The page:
A number of my memories from this trip didn't have much to do with the Fringe, though.  On Sunday, after the FrenetiCrew had departed, I went to Bourbon Street to get lunch at a bar.  In the middle of my meal (depicted in the second food photo above), I struck up a conversation with the fellow seated to my right at the bar.  His name was Joe, Brooklyn Joe, and after a storied career with the phone company in New York, he had moved to New Orleans seven years ago.  We chatted for a while, and then Heidi and Paul walked in.  They, along with Joe, are regulars at this bar.  Joe's been coming here since he arrived, Heidi for the last year or two, and Paul...well, Paul's been coming here since the bar opened in 1982.  We sat at the bar, laughing and chatting for an hour and a half, talking about big band music, potholes, Superbowls, Huntsville (where Paul worked as a prison guard for a while after Katrina), and what it implies to refer to a gal as a "young woman", among other things. They were so warm to me.  We were all so content with the situation, me with my food and the friendly discourse, and them with just spending time together.  The four of us, sitting at the bar, drinking in the moment.  When it was time to leave, I thanked them for the conversation and the beer they had bought me, and I said, "Just in case I don't see you, have a wonderful life."  Heidi shook her head slightly and replied, "Oh, come on, we'll see each other again."  I paused.  There was something knowing in her eyes, and I didn't question it.  I simply nodded and walked away.  I'd rather she'd be right.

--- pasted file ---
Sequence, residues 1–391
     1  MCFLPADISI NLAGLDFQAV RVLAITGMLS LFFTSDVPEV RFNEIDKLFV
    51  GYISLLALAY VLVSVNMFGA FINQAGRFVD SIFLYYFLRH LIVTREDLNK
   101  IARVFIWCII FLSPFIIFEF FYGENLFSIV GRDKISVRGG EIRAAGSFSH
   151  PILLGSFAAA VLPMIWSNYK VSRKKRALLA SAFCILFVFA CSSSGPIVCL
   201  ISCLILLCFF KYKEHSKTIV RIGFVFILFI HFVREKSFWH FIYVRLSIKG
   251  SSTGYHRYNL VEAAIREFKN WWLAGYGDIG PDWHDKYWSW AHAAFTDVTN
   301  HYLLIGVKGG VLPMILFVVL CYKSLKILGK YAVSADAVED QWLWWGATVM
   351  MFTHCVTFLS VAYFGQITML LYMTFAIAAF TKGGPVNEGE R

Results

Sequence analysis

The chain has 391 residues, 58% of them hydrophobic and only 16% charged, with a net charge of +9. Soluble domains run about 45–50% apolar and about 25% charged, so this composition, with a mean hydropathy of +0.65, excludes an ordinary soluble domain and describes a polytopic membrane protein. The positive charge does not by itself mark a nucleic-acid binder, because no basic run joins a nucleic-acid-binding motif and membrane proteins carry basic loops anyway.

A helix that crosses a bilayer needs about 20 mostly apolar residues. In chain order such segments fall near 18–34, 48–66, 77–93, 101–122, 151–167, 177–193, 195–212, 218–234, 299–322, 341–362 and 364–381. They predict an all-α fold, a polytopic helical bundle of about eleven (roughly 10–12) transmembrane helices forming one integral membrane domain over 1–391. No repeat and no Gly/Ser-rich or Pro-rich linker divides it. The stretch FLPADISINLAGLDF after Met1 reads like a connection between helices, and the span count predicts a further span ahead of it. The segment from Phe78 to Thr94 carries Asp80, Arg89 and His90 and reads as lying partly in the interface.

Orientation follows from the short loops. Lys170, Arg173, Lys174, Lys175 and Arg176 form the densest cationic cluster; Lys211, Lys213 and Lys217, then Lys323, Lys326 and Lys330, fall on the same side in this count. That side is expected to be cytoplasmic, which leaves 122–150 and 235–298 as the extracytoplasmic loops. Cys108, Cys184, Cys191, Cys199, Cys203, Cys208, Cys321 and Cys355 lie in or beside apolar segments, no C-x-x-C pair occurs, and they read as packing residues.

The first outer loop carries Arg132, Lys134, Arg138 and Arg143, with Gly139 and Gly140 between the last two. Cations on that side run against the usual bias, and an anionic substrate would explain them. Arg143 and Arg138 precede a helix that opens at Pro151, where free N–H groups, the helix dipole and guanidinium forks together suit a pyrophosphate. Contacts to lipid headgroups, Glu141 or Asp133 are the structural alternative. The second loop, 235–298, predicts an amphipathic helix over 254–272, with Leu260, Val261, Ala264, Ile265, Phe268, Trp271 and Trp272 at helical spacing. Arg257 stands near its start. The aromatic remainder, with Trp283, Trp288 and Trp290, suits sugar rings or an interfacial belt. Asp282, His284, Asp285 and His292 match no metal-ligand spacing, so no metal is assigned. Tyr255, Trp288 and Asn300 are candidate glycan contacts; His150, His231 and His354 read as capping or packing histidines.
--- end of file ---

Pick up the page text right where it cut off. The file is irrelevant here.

Today, I spent the morning in City Park.  It was a lovely day, and I wanted to get away from the streets for a little while.  I wandered around the sculpture garden, which was incredible, before settling down beside a pond, where several varieties of birds (including a pelican perched in a tree) bickered with one another over who-knows-what.  It was comical, watching a seagull chase a duck that dove underwater for cover, seeing puffin-like creatures flap their wings in surprise when a plop of excrement came raining down near them from the tree above, where white, arc-beaked birds rested quietly.  Animals are fascinating to watch, as long as you give yourself enough time.

Anyway, it was a very nice way to cap off what amounted to a wonderful weekend in New Orleans.  It's cliche, but every time I visit this place, I find myself walking away feeling like I'm under a spell.  I talk a bit more slowly, I take more time on things.  I find myself marveling a bit more at what's present.  The people I met here wore this air like an old, favorite, and perhaps slightly tattered jacket.  The kind that just looks right on them, even if it's a bit outdated by modern norms.  A when they embrace you with it - and they do embrace you with it - it feels like home.

Here's to holding onto that spirit back here in Houston.  I suppose if I lose it, I can always drive six hours east and grab lunch at a bar.

Here are a few more pictures.  So glad this happened.